Your client starts ventures around the world. While he’s concerned with rustling up capital and breaking ground for new offices, there’s one issue you must raise: global insurance for his employees.

Canadian law imposes a fiduciary duty on employers to protect employees from security and medical risks worldwide. If employees travel on business, they’ll need medical care and security evacuation insurance. This covers:

  • benefits for accident or sickness while travelling on business
  • benefits not reimbursed by provincial health plans
  • Out-of-pocket expenses and emergency evacuation
  • Accidental death and dismemberment

Specialized plans might not cover losses as a result of terrorist attacks or war, so it’s critical you explain this. To avoid a denied claim, a client may opt for higher premiums to cover additional risks. Determine if certain exclusions, such as war risks, should be removed from the contract, by analyzing your client’s company’s activities:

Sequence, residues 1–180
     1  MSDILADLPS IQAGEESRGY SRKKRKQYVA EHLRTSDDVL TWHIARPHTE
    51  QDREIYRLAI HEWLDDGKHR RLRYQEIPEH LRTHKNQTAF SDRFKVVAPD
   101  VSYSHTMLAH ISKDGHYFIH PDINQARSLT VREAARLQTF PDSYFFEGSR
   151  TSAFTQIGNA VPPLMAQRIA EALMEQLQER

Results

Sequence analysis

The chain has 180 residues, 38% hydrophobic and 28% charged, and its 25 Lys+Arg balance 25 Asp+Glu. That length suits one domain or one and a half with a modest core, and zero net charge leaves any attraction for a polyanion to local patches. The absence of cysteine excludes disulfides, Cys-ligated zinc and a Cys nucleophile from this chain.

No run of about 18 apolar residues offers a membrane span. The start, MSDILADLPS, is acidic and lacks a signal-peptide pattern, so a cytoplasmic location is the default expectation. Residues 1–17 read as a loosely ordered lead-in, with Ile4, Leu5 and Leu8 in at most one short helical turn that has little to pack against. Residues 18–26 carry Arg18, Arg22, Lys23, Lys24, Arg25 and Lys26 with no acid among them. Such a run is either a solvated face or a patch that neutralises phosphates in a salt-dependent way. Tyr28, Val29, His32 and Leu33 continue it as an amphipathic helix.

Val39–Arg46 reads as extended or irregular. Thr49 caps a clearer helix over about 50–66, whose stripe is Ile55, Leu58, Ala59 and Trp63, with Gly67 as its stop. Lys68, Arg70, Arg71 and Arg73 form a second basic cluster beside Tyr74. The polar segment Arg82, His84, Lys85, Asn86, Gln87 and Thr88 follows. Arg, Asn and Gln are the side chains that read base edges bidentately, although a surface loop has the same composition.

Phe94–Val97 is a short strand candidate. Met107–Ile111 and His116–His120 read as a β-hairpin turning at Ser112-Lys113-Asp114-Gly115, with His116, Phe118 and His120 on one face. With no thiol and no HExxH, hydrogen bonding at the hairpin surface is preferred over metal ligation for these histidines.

• Will the company conduct business during days of national significance, when militant groups have historically planned attacks?
  • Are the company’s plants or offices in business districts that are frequently the site of protests?
  • Does it require employees to travel through disputed or war-torn regions?
  • Does it provide room and board for international employees?

The web site www.voyage.gc.ca lists riskier countries that might require higher rates. It also lists historical incidents, common crimes, dates of concern and civil conflicts. Any alteration to contract terms must be communicated between the client and the insurer. The advisor has no legal right to alter any terms. Make sure any changes are in writing and clearly delivered to the client from the company.